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Autumn in New York
ART TIMES November 2007

AUTUMNAL COLORS ARE now at their peak in my area, Overlook Mountain sporting a multi-hued mantle as I look out at it from the window of my study. Over the years, I’ve tried to “capture” Overlook on paper, on canvas, with pencil, watercolor, and oils, and have never  succeeded. It simply has too many faces — different in spring, in winter, in summer, and fall; different in morning, in afternoon, in both early and late evenings; different on clear, sunny days as well as on those that are misty and overcast. Different, different, different! Yet there it stands outside my window, a simple enough form to delineate, as steady as, well — a mountain. Oh, I’ve managed to get a good painting every so often — got it from various angles, the north, the south…even its eastern face from the Hudson River (by far its grandest aspect). Overlook Mountain has even become the overriding image in a novel I’ve worked on for some time, titled — surprise! — The Mountain, which I’ve still to get published. The first in a series of mountainous hills that parallel the Hudson River, Overlook and its fellows are an imposing lot and American Indians in the area used to call the rising range of land-masses “The Wall of Manitou” — The Wall of God — something I speak of in the current critique of Thomas Locker’s work in this same issue.  The term speaks not only of a reverence for Nature, but also — to me — seems to hint at a warning of sorts, a notice to man that the “wall” is there for purposes beyond his ken. I especially sense the admonition each time I drag my sketchpad or paint box outside to “give it another go”. Like I said, it seems to defy me, dare me to transfer its massive essence into a two-dimensional image with my paltry instruments of pencil or brush. Although I always experience the “agony of defeat” — (weighty characterization of my Sunday-afternoon jaunts, that) — there are those who’ve viewed my attempts as passable works of “art” — have even taken them home with them to decorate some empty wall of their homes. Nice. But every landscape artist knows what I’m saying here. We always end up with an approximation, a compromise — if we try to be a bit pompous about it, we might even call it an “interpretation” — an artful (pun intended) dodge that sort of extricates us from the sometimes messy business of “explaining” our efforts to non-artists — or, for that matter, to other artists. Anyway, looking over my laptop at Overlook in its autumnal finery as I write this, there is one thing I definitely know, and it’s that I should never — never — try to tackle that mountain in the fall. There is simply no way that I can compete with both Overlook and the colors of fall — the #$%^! mountain is difficult enough without throwing in yellows, and reds, and oranges, and browns — and leftover greens. Oh, I know that there are those intrepid plein airistes who do take on the season — even come away with some pretty good stuff. But we all know that it’s but a pale reflection of what Nature does all by herself. Heck, I can’t even believe my eyes when I’m looking right at it. Who can believe my imitations of it? Who even wants to look at my renditions when all they have to do is step outside — or hop into a car — and see it at first hand. Still, I love this season. Though it humbles me — just as that looming mountain outside there does — autumn reminds us to get our stuff in order. It offers a clarity of vision that no other season can offer…reminding us that winter is not so very far away.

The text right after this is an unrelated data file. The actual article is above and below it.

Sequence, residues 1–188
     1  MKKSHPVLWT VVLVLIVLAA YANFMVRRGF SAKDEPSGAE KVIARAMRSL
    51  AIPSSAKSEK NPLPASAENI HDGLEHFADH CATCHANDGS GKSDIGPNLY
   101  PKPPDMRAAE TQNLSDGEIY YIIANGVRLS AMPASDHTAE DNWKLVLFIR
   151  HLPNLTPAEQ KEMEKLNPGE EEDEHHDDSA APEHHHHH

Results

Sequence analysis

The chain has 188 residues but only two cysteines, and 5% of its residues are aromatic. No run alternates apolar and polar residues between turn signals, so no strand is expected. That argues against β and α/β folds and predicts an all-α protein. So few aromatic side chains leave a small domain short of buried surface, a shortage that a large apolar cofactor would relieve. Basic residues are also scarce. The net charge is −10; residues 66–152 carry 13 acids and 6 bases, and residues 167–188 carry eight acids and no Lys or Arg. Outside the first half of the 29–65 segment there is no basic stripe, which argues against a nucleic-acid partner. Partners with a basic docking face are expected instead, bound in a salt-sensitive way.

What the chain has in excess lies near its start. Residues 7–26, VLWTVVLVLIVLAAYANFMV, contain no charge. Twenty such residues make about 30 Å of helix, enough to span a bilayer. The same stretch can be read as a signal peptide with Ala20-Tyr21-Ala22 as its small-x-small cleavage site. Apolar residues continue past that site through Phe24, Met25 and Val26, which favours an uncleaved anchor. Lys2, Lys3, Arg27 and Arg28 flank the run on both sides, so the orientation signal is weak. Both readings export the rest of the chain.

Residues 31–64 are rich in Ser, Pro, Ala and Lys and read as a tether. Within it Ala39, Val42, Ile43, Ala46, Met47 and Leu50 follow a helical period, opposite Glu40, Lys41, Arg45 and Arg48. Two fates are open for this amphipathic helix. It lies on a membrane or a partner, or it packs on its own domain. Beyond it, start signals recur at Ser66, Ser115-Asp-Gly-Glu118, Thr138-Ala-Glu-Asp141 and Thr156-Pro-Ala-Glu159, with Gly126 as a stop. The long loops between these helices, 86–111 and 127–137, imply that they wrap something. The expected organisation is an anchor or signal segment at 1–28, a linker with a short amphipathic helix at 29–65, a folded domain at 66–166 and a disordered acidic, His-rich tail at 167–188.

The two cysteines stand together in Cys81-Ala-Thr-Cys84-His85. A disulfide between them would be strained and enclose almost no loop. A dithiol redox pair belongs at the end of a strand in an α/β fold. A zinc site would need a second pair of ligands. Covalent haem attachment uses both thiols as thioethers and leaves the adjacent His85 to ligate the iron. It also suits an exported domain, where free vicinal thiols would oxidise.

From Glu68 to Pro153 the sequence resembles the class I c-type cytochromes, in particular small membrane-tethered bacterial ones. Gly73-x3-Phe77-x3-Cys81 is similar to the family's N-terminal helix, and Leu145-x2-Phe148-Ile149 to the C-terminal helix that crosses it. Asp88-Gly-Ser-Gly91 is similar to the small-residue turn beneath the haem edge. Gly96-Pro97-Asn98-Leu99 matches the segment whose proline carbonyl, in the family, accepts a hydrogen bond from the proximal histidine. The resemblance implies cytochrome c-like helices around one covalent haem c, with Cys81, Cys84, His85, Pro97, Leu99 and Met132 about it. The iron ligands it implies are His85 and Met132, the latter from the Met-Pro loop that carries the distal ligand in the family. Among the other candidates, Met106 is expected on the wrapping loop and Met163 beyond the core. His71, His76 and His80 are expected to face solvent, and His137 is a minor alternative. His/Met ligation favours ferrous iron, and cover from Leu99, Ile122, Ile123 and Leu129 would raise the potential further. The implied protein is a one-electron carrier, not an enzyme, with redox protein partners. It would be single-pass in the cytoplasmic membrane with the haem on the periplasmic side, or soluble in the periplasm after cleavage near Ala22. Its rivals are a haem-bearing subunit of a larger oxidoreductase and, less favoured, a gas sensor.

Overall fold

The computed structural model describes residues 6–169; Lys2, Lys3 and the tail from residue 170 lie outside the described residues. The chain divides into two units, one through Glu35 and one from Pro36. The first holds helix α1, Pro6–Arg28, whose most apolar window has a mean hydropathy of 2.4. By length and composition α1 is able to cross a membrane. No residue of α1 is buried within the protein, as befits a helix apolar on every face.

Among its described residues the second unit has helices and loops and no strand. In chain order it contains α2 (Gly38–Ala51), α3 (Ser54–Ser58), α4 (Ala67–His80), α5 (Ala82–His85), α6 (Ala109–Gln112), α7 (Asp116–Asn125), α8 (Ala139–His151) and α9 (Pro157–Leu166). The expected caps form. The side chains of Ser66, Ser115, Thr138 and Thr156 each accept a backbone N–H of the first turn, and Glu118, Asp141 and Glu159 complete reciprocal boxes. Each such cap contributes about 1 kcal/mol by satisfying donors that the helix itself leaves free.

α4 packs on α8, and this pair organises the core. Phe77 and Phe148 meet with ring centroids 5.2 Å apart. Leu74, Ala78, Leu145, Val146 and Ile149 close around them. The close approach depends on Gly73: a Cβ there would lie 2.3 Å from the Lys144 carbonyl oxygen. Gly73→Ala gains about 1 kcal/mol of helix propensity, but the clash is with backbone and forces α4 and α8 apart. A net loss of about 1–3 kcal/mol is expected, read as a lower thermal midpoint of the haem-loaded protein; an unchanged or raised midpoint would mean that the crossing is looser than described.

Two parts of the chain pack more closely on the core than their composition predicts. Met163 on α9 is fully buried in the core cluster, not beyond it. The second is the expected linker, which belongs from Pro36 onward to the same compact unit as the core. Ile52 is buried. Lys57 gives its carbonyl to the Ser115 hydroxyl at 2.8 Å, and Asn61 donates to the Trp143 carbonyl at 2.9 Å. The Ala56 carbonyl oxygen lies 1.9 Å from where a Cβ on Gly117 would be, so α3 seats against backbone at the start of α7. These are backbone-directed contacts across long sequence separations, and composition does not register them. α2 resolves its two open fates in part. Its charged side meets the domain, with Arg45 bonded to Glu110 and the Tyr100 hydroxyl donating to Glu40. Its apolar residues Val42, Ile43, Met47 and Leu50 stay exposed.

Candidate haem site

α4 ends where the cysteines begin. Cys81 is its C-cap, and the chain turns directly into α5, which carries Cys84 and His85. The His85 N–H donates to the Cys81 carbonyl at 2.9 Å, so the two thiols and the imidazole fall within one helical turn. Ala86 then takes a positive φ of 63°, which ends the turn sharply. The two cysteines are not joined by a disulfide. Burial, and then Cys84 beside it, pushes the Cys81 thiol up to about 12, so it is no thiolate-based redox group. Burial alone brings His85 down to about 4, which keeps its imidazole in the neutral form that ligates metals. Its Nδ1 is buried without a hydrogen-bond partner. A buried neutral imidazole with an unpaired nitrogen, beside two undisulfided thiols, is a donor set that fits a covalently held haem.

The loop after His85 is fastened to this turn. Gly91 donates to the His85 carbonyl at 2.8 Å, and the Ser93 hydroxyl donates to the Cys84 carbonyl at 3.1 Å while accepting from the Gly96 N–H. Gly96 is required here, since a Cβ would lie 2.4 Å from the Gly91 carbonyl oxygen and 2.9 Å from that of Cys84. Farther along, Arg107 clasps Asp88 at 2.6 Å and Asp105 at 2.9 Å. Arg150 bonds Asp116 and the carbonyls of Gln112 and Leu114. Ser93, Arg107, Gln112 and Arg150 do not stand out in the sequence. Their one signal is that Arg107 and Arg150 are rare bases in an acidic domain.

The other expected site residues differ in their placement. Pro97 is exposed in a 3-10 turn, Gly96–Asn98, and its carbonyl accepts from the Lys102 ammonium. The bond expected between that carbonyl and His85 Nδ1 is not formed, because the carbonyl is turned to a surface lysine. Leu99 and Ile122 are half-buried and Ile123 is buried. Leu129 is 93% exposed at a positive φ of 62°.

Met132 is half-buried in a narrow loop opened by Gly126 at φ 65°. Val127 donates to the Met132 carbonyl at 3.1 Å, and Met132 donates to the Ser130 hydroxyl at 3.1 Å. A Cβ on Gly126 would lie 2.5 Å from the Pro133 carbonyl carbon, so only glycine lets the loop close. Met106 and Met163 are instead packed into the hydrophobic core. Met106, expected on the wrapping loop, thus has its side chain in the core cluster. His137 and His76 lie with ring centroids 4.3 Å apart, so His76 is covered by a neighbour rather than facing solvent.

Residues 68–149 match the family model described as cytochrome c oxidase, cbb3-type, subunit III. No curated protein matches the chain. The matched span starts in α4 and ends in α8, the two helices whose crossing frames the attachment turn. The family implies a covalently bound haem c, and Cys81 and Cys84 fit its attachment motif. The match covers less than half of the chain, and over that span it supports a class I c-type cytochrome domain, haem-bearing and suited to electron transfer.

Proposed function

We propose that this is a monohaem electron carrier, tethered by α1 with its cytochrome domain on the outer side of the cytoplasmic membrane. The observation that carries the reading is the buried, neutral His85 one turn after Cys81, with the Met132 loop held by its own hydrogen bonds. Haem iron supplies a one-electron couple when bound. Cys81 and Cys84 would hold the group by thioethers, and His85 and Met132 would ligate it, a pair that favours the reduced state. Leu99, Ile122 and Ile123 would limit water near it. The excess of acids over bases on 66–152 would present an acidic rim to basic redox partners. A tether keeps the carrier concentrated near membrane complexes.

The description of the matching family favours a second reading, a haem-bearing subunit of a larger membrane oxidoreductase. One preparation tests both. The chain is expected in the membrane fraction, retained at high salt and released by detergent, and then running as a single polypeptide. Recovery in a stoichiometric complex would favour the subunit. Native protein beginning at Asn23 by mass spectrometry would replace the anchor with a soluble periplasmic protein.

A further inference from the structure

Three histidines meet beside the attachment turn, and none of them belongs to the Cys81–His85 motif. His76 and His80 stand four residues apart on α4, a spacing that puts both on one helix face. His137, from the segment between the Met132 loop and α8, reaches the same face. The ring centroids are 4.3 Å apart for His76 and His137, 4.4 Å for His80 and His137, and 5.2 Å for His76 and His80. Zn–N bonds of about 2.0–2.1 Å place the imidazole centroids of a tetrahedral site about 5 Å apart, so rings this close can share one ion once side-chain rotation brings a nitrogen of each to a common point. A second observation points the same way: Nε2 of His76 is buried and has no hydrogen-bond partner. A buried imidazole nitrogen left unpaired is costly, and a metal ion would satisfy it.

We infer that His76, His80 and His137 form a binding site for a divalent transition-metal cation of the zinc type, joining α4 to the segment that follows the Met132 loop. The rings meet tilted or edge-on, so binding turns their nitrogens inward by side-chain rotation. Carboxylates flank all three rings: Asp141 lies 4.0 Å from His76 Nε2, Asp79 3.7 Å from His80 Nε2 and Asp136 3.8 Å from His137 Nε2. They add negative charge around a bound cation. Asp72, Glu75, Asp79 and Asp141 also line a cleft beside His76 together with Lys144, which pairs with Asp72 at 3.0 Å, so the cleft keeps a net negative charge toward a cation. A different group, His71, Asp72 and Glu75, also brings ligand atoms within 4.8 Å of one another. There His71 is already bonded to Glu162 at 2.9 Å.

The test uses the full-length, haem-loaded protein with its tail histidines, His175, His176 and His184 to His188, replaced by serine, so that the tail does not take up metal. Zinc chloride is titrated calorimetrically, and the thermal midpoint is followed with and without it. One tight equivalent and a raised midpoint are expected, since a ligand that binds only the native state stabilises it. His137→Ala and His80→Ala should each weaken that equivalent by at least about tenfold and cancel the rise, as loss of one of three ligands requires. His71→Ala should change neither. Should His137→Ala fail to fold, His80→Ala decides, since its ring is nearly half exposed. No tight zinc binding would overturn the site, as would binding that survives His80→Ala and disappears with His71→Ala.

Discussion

Raymond J. Steiner

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